G.100 - How to Use the Application Instructions

Helpful Links

The information on the following pages may be useful in the application process

Step 1. Become familiar with the application process.

Understanding the application process is critical to successfully submitting your application.

Use the G.110 - Application Process section of these instructions to learn the importance of completing required registrations before submission, how to submit and track your application, where to find page limits and formatting requirements, and more information about the application process.

Step 2. Use these instructions, together with the forms and information found in the funding opportunity announcement, to complete your application.

The funding opportunity announcement (FOA) will include specific instructions and the forms needed for your application submission.

Remember that the FOA instructions always supersede these application instructions.

Step 3. Choose an application instruction format.

Do you know your activity code, but don't know which application instructions to use? Refer to NIH's table on Selecting the Correct Application Instructions to determine which set of application instructions applies to your grant program.

Comprehensive Instructions Program-Specific Instructions
Use the General (G) instructions, available in both HTML and PDF format, to complete the application forms for any type of grant program. Take advantage of the filtered PDFs to view specific application instructions for:

Step 4. Complete the appropriate forms.

Unless otherwise specified in the FOA, follow the standard instruction, as well as any additional program-specific instructions for each form in your application.

Program-specific instructions are presented in gray call-out boxes that are color coded throughout the application instructions. Consult the G.130 - Program Overview section for context for program specific instructions.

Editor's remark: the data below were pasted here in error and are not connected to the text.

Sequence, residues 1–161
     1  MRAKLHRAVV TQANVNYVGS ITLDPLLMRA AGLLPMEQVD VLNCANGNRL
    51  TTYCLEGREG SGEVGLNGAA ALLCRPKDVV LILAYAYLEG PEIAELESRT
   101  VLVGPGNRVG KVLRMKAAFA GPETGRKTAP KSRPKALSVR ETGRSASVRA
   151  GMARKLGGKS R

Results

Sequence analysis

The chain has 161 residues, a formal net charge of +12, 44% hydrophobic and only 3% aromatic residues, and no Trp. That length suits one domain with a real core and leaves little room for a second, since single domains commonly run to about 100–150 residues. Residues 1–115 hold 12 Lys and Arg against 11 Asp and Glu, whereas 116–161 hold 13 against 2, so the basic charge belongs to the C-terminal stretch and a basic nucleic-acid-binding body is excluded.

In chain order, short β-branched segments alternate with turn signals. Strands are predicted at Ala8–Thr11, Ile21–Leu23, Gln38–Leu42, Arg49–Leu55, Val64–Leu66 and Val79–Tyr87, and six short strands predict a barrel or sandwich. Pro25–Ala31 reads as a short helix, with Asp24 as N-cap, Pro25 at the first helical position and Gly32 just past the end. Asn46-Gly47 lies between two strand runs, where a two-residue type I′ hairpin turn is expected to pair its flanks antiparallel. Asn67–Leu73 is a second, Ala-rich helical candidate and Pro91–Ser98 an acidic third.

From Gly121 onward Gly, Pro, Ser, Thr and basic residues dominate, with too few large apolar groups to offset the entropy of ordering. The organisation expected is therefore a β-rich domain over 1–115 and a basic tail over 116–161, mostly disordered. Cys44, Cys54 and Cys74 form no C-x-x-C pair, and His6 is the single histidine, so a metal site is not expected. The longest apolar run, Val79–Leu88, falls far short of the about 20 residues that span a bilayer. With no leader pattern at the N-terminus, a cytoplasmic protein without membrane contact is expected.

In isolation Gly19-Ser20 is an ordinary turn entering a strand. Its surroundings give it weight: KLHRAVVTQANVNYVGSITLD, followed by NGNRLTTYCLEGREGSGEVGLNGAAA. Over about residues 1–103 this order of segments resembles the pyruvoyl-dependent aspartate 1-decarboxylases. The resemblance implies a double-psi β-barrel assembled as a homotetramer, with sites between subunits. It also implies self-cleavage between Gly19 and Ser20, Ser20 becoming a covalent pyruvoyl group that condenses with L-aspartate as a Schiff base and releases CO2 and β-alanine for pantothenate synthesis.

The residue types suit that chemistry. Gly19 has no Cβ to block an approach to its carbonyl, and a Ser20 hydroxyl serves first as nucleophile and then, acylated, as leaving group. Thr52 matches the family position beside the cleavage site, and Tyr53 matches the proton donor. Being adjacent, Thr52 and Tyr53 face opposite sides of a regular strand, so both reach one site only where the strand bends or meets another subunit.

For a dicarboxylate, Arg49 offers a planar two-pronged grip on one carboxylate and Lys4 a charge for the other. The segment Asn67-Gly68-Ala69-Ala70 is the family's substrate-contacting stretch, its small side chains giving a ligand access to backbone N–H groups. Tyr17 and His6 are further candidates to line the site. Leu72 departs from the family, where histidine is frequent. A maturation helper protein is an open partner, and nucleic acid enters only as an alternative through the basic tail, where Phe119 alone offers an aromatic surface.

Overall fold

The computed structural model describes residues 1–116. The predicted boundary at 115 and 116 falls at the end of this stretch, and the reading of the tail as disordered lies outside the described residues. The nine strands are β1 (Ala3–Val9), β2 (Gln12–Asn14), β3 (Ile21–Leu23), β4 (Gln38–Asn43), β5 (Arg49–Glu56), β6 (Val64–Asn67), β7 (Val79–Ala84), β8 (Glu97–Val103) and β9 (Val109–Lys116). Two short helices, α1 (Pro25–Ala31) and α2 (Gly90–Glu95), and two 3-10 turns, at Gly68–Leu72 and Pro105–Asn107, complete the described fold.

Indicates ChangesIMPORTANT: Do Not Include Personal Identifiable Information (PII) Or Protected Health Information (PHI) In the Application

Sensitive PII (e.g., Social Security Number, personal financial information, Alien Registration Number) and PHI (e.g., personal medical conditions) require strict handling due to the increased risk to an individual if the data is compromised. Documents containing sensitive PII or PHI must not be included in the application.

NIH GRANTS ONLY: Additional information on this topic can be found in this FAQ or by contacting your IC Privacy Coordinator.

Step 5. Stay informed of policy changes and updates.

Step 6. Understand what data NIH makes public.

Information submitted as part of the application will be used by reviewers to evaluate the scientific merit of the application and by NIH staff to make the grant award and monitor the grant after award. The exception to this is the G.600 - PHS Assignment Request Form, which is only seen by staff in the Division of Receipt and Referral (DRR), Center for Scientific Review (CSR).

If the application is funded, the following fields will be made available to the public through the NIH Research Portfolio Online Reporting Tool (RePORTER) and will become public information:

  • Name of Project Director/Principal Investigator (PD/PI), to also include Project Leaders on sub-projects to multi-project projects
  • PD/PI title
  • PD/PI email address
  • Organizational name
  • Institutional address
  • Project summary/abstract
  • Public health relevance statement

In addition, key elements related to ongoing funded projects will be made available to the public, including those listed in the data dictionary at ExPORTER. Additional elements may be made available after announcements through the NIH Guide for Grants and Contracts, a weekly electronic publication that is available on NIH's Funding page, or additions to the NIH Grants Policy Statement, as needed.